Fitness expert and lifestyle consultant Dr. Sheela Nambiar exhorts women to keep an hour aside for themselves daily to keep fit
An obstetrician and a gynaecologist Sheela has trained women in fitness for the past 13 years. Her foray into wellness started with ante and post natal classes in her family’s hospital, Parvathy Medical Centre in Ooty.
She certified as a fitness and lifestyle consultant in 1999 and started the Training For Life (TFL) programme. Certification increased her scope to take classes outside medical cases, much to her liking. “I need to do a lot of exciting things. I like to push the envelope,” said the 45-year-old fitness expert who was recently in the city to launch her first book, Get Size Wise. Passionately involved in women’s health and fitness, Sheela came up with the idea of a book to spread the principles of her training methods, beyond her clientele.
Though her one hour prescription is not a tall order Sheela finds, through her counselling sessions, that women come up with all kinds of excuses, the most common ones being ‘the family’. “The husband, the child, the boss, the house…. are mere excuses”, says, Sheela declaring that fitness improves self esteem and should be a part of a holistic lifestyle.
The precious one hour can be split into weight training, cardio exercises, yoga and other forms of exercise that address the four pillars of fitness - stamina, strength, flexibility and endurance - which Sheela propounds in her book.
Dont obsess over weight
“Maintaining fitness levels are as important as shedding fat, and weight on the scales is not the most important thing,” she stated about the obsessive desire of women for weight loss.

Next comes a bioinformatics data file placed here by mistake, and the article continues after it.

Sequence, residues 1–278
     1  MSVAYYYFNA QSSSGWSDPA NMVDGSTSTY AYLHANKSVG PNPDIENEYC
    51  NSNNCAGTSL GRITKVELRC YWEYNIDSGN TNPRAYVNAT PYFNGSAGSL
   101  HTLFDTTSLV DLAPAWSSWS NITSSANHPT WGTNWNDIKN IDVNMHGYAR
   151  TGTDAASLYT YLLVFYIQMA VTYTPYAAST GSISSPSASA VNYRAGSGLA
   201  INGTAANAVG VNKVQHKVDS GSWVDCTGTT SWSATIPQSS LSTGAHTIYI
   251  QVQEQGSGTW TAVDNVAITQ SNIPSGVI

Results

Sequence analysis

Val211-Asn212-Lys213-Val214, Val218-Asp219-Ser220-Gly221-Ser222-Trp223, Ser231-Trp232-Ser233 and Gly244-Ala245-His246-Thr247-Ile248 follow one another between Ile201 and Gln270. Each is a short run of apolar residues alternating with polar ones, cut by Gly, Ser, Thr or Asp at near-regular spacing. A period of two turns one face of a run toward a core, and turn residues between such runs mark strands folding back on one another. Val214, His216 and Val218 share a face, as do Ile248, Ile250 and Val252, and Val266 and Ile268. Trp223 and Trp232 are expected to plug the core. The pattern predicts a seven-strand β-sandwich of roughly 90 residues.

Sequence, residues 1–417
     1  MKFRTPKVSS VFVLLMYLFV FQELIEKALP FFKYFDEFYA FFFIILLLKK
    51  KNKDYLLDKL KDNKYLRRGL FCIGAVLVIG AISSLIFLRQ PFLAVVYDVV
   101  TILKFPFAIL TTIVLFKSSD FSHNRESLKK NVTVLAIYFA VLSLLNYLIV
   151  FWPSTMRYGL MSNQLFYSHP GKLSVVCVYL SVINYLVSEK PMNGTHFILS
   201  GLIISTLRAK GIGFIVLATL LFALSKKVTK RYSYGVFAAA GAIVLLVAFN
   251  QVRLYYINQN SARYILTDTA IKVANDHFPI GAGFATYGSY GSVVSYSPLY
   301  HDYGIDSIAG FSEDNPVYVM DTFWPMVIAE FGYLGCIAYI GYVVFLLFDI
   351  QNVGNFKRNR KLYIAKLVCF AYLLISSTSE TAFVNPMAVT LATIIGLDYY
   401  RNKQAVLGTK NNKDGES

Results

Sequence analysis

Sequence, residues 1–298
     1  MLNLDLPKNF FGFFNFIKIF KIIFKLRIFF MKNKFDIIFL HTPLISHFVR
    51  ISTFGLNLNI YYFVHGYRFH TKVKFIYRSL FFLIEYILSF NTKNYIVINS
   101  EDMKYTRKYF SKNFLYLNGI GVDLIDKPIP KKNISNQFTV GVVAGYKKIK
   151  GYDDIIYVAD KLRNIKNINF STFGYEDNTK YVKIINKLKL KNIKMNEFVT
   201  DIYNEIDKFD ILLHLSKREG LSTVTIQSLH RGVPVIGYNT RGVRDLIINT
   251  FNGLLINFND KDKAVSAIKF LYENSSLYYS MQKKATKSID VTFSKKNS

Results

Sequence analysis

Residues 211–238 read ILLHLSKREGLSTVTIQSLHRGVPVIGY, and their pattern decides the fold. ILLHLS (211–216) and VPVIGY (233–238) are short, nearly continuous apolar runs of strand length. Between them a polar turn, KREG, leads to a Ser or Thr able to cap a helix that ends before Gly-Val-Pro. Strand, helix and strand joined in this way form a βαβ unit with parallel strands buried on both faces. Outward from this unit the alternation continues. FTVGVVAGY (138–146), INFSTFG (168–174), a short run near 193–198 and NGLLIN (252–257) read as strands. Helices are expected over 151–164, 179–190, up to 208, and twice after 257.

The book focuses on ingestion of a balanced diet using a food guide programme. As Sheela is not a nutritionist she has kept the chapter on nutrition simple by explaining the food groups and serving sizes that are a part of the food pyramid. “One can formulate one’s diet using the food guide pyramid. Any diet that excludes any one single food group completely needs to be questioned. It cannot be sustained.”
At her studio in Chennai Sheela trains women of different age groups. She finds the couple of 80-year-olds who train to be most regular and serious, “because they know the importance of fitness”.
Over the years Sheela has noticed women getting serious about fitness, of women looking better but she cautions them not to fall into the vanity trap. “You should not restrict yourself to physical appearance. Fitness is so much about your ability to function better, ability to contribute to society.”
Her routine is a combination of different cardio programmes and strength training mixed with power stretches and yoga sequences. And her diet is nothing but intelligent eating drawn out from the food pyramid. Sheela concluded by exhorting women to “take responsibility for herself and her choices, about her health and well being.” The book is available in city bookstores and online.
Dr. Sheela Nambiar’s observations on women of different age groups
Teenagers - Start young. If you weight train from a young age then your basal metabolic rate remains high. Parents need to teenagers keep fit. They have to commit themselves to a diet and a fitness routine, incorporate in their lives and set an example.
20- 30 year olds
The biggest refrain of this age group is to shed weight quickly and fit into a desired apparel. They want results in a hurry but such weight loss is not sustainable.
On the positive side she finds this age group to be savvier now and work diligently towards losing pregnancy fat. Fitness exercises can be resumed after a six weeks rest period for a regular C section delivery.
For normal delivery the women can begin exercising as soon as she is comfortable. Lactation is alleviated with exercise is a myth.
40- year- olds
Till 40s it is all about appearance because women are caught up with the visual aspect of beauty. The 40 woman begins to understand fitness from a larger perspective. Women in the 40s should be seriously into weight training.